Bhagiya, Bhāgiya: 4 definitions

Introduction

Introduction:

Bhagiya means something in Hinduism, Sanskrit, Buddhism, Pali. If you want to know the exact meaning, history, etymology or English translation of this term then check out the descriptions on this page. Add your comment or reference to a book if you want to contribute to this summary article.

Languages of India and abroad

Pali-English dictionary

[«previous (B) next»] — Bhagiya in Pali glossary
Source: BuddhaSasana: Concise Pali-English Dictionary

bhāgiya : (adj.) (in cpds.) connected with; conducive to.

Source: Sutta: The Pali Text Society's Pali-English Dictionary

Bhāgiya, (adj.) (-°) (fr. bhāga, cp. bhāgin) connected with, conducive to, procuring; in foll. philos. terms: kusala° A. I, 11; hāna°, visesa° D. III, 274 sq. ; hāna°, ṭhiti°, visesa°, nibbedha° Vism. 15 (in verse), 88=Ps. I, 35. ‹-› Cp. BSk. mokṣa bhāgīya, nirvedha° Divy 50; mokṣa° ibid. 363. (Page 501)

Pali book cover
context information

Pali is the language of the Tipiṭaka, which is the sacred canon of Theravāda Buddhism and contains much of the Buddha’s speech. Closeley related to Sanskrit, both languages are used interchangeably between religions.

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Sanskrit dictionary

Source: Cologne Digital Sanskrit Dictionaries: Edgerton Buddhist Hybrid Sanskrit Dictionary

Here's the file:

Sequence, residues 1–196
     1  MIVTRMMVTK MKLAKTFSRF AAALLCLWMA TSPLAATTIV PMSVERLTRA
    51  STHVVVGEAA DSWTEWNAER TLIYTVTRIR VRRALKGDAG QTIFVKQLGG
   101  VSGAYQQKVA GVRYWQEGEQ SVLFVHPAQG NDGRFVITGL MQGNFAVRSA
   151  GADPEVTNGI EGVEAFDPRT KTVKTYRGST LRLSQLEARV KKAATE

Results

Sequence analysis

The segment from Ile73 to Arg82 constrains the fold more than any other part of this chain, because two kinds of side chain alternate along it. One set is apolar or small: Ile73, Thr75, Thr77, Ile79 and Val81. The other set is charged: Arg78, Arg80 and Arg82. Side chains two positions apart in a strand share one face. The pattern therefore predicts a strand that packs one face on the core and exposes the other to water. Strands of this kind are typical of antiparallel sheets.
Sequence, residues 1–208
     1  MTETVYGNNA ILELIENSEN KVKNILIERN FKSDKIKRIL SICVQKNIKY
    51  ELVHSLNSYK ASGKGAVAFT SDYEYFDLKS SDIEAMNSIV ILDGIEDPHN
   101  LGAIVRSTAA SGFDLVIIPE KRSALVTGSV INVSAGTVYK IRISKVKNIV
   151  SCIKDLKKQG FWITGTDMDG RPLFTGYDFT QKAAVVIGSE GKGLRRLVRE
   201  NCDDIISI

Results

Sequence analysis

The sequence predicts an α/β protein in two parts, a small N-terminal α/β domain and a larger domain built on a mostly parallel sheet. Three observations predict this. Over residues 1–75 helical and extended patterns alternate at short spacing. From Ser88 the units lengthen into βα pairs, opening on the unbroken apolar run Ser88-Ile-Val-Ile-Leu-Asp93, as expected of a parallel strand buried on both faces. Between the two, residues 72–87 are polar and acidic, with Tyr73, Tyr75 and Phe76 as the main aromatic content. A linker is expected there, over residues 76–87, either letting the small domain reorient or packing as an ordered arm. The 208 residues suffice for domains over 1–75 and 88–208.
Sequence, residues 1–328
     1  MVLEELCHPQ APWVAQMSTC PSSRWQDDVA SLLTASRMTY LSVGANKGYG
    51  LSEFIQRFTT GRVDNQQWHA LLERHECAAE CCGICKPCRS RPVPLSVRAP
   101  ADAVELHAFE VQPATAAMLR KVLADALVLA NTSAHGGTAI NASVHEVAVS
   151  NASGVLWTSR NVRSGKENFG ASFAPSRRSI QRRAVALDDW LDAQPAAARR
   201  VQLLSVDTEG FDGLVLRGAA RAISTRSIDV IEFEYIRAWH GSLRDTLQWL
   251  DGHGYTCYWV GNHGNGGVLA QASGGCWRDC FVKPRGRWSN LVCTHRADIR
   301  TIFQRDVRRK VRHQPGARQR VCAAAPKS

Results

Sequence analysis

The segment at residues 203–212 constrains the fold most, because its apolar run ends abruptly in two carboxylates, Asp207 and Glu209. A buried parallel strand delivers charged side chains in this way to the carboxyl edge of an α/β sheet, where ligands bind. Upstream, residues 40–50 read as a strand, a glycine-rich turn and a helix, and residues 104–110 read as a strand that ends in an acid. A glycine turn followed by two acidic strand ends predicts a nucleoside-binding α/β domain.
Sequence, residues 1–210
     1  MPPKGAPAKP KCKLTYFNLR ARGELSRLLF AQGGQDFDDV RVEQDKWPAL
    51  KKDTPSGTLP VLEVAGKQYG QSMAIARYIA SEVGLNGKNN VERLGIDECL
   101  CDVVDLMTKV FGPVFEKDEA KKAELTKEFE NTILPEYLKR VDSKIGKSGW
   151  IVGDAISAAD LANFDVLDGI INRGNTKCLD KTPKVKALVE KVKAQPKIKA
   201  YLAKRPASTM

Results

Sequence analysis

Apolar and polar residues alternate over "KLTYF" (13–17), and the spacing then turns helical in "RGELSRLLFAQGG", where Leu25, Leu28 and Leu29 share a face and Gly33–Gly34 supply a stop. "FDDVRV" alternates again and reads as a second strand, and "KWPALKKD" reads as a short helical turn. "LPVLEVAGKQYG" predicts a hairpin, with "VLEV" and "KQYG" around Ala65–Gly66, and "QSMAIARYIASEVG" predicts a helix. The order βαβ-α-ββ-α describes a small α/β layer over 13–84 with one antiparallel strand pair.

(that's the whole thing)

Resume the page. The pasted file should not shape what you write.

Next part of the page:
Bhāgīya (भागीय).—(-bhāgīya), adj., ifc. (= Pali -bhāgiya), of…kind, sort; belonging to, connected with; sharing, headed for: puṇya-bh°, phala-bh°, vāsanā-bh° (sattva) Mahāvastu i.34.4, 5; ii.419.4, 5; especially leading, conducive to: ūrdhva-, avara-bh°, qq.v., Mahāvyutpatti 2155—6; mokṣa-bh° (kuśalamūla) Divyāvadāna 50.7; 363.28—29; nirvedha-bh° (nirbheda-bh°), qq.v.; hāna- bh°, conducive to loss or degradation (= Pali hānabhāgiya, in [Pali Text Society’s Pali-English Dictionary] defined as just the opposite, conducive to relin- quishing of perversity and ignorance; but see Dīghanikāya (Pali) iii.273.3, where ayoniso-manasikāro is hāna-bh°, glossed commentary iii.1055.10 apāyagāmī, parihānāya saṃvattanako), hāna- bhāgīyānāṃ (misprinted hāta°) viśeṣabhāgīyānāṃ (the opposite, conducive to distinction) dharmāṇāṃ pāraṃ gantukāmena bodhisattvena Śatasāhasrikā-prajñāpāramitā 93.19 ff.; pañca ime bodhisattvasya hānabhāgīyā dharmā veditavyāḥ. katame pañca. agauravatā dharme dharmabhāṇake ca; pramāda- kausīdyaṃ; etc., Bodhisattvabhūmi 288.24; the opposite (besides viśeṣa-bh°, = Pali visesa-bhāgiya, Śatasāhasrikā-prajñāpāramitā above) is ahāna- bhāgīyā (dhyānārūpyasamāpattiḥ) Bodhisattvabhūmi 35.28; ṣaḍāyatana- bhāgīyaḥ sparśaḥ Daśabhūmikasūtra 49.14, connected with… (not conducive to here! in pratītyasamutpāda; rather based upon); evaṃbhāgīya, of such sort(s), kind(s), division(s), part(s), Bodhisattvabhūmi 6.3; 299.16; Mahāvyutpatti 1999; anyathā-bh° Mahāvyutpatti 9402.

Source: Cologne Digital Sanskrit Dictionaries: Monier-Williams Sanskrit-English Dictionary

Bhāgīya (भागीय):—[from bhāga] mfn. (ifc.) belonging to, connected with, [Divyāvadāna]

context information

Sanskrit, also spelled संस्कृतम् (saṃskṛtam), is an ancient language of India commonly seen as the grandmother of the Indo-European language family (even English!). Closely allied with Prakrit and Pali, Sanskrit is more exhaustive in both grammar and terms and has the most extensive collection of literature in the world, greatly surpassing its sister-languages Greek and Latin.

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